NO MORE SHEETS. EVER!

The only thing missing up there was a metal cup for her to rattle against the bed guard.

Don’t worry, it gets better because the unused top bunk of my son’s bed was luxuriously appointed with a double mattress, an eggshell mattress topper, sheets, two pillows and several blankets so that the invisible person who sleeps there can get the good night’s sleep they so richly deserve.

I spent the next 2 hours dragging mattresses and fluffing pillows and rearranging bedding. I tucked corners and put the softest sheets I could find on poor Cinderella’s bed.

How did I miss this? For weeks *cough…months*. How is it possible? Right, the ladder. That bastard.

I give kisses at the bottom of the bed. Nobody puts baby in a corner unless it’s the corner of an unmade prison cot bunk bed.

Upside: I walked away with a new appreciation for my daughter. That girl is the opposite of a diva. She never complained. Not once. She never asked for a sheet. She never complained that her mattress pads were uncovered and probably drifting apart every night. She never balked or fussed or did anything but kiss us goodnight and climb up to her totally barren wasteland of a bed.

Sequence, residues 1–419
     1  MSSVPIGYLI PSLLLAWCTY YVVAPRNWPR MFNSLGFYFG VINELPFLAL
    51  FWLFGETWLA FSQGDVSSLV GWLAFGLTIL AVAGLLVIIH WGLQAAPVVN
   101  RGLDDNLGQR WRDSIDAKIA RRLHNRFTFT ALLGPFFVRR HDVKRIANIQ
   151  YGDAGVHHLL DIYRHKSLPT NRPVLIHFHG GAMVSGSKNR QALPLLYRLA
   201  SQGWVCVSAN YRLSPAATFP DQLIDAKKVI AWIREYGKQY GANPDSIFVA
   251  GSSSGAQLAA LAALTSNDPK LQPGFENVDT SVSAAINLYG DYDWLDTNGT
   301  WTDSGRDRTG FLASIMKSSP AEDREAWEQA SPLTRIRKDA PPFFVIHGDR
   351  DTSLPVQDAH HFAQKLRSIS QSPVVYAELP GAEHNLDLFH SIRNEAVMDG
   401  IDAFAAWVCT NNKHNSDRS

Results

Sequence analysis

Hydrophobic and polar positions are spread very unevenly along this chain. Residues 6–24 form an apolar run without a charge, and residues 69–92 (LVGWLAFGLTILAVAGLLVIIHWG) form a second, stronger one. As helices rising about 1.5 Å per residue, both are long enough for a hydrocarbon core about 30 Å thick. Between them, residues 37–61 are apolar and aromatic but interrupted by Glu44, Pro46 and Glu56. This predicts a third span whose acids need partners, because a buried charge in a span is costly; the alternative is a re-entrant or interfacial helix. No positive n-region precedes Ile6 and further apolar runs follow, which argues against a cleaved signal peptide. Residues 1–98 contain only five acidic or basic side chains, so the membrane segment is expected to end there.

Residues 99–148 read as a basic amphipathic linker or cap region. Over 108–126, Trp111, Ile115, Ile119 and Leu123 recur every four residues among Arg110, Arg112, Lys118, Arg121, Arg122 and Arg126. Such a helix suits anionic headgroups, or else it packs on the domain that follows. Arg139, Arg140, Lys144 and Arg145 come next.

The old fable says that a princess would be able to feel a pea under a stack of dozens of mattresses, but, I’m pretty sure a real princess would do exactly what my daughter has done – kissed her family goodnight and made the best of things.

So, despite my utter failings and flailing, we have ourselves a bona fide princess.

I hope she marries royalty. We could all use some Egyptian cotton up in here.





Yes please and no thank you.